Crazy Busy Guilty author Lauren Sams on why new mums shouldn’t look at Instagram.
Whenever a friend has a baby, I buy them a bottle of champagne for their baby shower gift (babies get enough presents. Also, all those sh*tty plastic toys you’re given? Your baby will never use them. He will play with a cardboard shoe box you left lying around and he will find it endlessly fascinating. Champagne is an infinitely better gift and will be way more appreciated – trust me on this one). And when I wrap the bottle of French bubbles, I always attach a card that says, “My number one piece of advice after you have the baby: don’t look at Instagram.”
First of all, Instagram gives the impression that everyone, everywhere, is having a great time, which can be hard to stomach when you are breastfeeding a newborn at 2am and he suddenly sh*ts and spews all over you simultaneously. Looking at people living their #bestlives, drinking fun cocktails and wearing lovely new clothes (that don’t have spew or sh*t on them) and meeting new people and going to awesome places is really, really depressing when the most exciting thing on your agenda is waiting for the mailman to arrive.
But second, Instagram is a place where parents go to show off. And I should know: I’m a parent, and I’m so bloody proud of every tiny little thing my kid does (she learned to blow her nose! She turned the pages of a book! She’s a genius!) that I post adorable photos of her way too often. If you didn’t know my kid, if you only knew her from my Instagram feed, you would think she is a full-time Delightful Angel Who Never Sass Talks Me. You would think she is a Child Genius Who Will Probably Become Prime Minister. You would think she is perfect.
Instagram isn’t just a place to find ice cream cones posed alluringly against brick walls (guilty: I post those pics, too; I am The Worst); it’s also where parents show off the most serene, beautiful five seconds of their day, as if their whole lives are like this. Just like we only ever Instagram a selfie where we look amazing (no double chin, no pigmentation, no bad hair days, no visible bra line!), parents only ever Instagram their kids when they’re not sh*tting their pants or wailing because they’re overtired. I mean, of course nobody wants to see anyone sh*tting their pants, but when we elide huge parts of our lives and only show the shiniest, best parts, it’s the modern equivalent of bad 90s Photoshopping in magazines: we’re investing in something that is not real, but we’re pretending that it is.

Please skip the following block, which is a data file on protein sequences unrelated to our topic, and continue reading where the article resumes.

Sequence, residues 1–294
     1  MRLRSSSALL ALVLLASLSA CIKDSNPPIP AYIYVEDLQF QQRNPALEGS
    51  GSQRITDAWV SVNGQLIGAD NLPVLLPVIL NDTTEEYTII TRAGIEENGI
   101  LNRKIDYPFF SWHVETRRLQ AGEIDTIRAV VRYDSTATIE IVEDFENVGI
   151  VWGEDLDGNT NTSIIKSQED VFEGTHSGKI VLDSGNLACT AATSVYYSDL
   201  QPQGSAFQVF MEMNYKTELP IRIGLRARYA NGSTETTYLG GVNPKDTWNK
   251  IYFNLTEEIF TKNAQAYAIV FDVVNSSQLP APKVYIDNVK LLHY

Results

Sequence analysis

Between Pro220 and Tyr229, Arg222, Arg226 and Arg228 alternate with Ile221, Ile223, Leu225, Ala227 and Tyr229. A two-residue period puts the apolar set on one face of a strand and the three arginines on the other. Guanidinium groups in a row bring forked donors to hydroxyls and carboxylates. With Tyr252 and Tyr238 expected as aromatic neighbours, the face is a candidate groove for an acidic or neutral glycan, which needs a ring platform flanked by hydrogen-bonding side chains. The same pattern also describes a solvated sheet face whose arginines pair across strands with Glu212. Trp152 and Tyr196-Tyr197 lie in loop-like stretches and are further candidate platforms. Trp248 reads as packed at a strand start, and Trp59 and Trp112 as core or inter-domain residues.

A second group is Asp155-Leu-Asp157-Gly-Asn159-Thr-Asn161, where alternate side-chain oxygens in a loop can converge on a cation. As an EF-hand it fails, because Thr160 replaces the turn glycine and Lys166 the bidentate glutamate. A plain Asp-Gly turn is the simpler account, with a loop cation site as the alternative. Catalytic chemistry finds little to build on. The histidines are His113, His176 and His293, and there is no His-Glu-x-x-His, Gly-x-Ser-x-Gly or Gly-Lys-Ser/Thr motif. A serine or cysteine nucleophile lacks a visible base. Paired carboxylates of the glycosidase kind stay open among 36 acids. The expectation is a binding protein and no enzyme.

My new book, Crazy Busy Guilty, explores the idea of “perfect motherhood” (which, BTW, does not exist) and the ways that social media plays into this. Professional mummy bloggers who post pictures of their perfect children, or their kids’ nutritionally balanced lunchboxes, or their kids’ colour-coded bookshelves do us all a disservice. They make us think that this is what motherhood is, or should be. They give us crazily unrealistic expectations. At best, we laugh at this stuff. At worst, it feeds into post-natal depression.
My protagonist, Georgie, is unprepared for motherhood and she doesn’t have a lot of friends who are mums. So her gateway to the world of mums is social media, and in particular, Instagram. She sees mums posting pics of their babies holding those insufferable “I’m 1 Week Old Today” and “Today I Rolled Over For the First Time” signs, and wonders why she hasn’t thought to do that. She sees mothers posting pics of organic superfoods they’ve pureed for their kids and wonders why she hasn’t done that yet. She sees pics of mothers pushing their babies as they go for a run and wonders why she isn’t going for a run with her newborn. She doesn’t feel like part of a community of mothers when she sees these images: she feels ostracised and guilty for all the things she thinks she should be doing, and isn’t.
Of course, I totally understand why people (and mums in particular) post perfect happy snaps of their kids on social media: because there’s so much difficulty involved in being a new parent that, if you don’t cling to the rare perfect moments, you’ll want to start drinking even earlier than you already do. And those rare perfect moments, when your baby is smiling at you, and their pants are clean, and you feel like an amazing parent? They are perfect moments, they really are. You’ve got to record them for posterity, otherwise you might think they never happened at all.
But if you’re a new mum, please take my advice: don’t look at Instagram. Don’t even think about it, not for the first few months, at least. Or if you do, know that it’s all a lie – nobody’s baby wears Country Road Kids that often – you can mark my words that there’s some Target mixed in there, too. No child’s nursery is perfectly tidy 24/7 – or if it is, you can bet your bottom dollar that there’s a paid cleaner somewhere out of frame. And nobody’s baby is perfect all the time, just like nobody is a perfect mum all the time.
And you, my friends, should drink to that.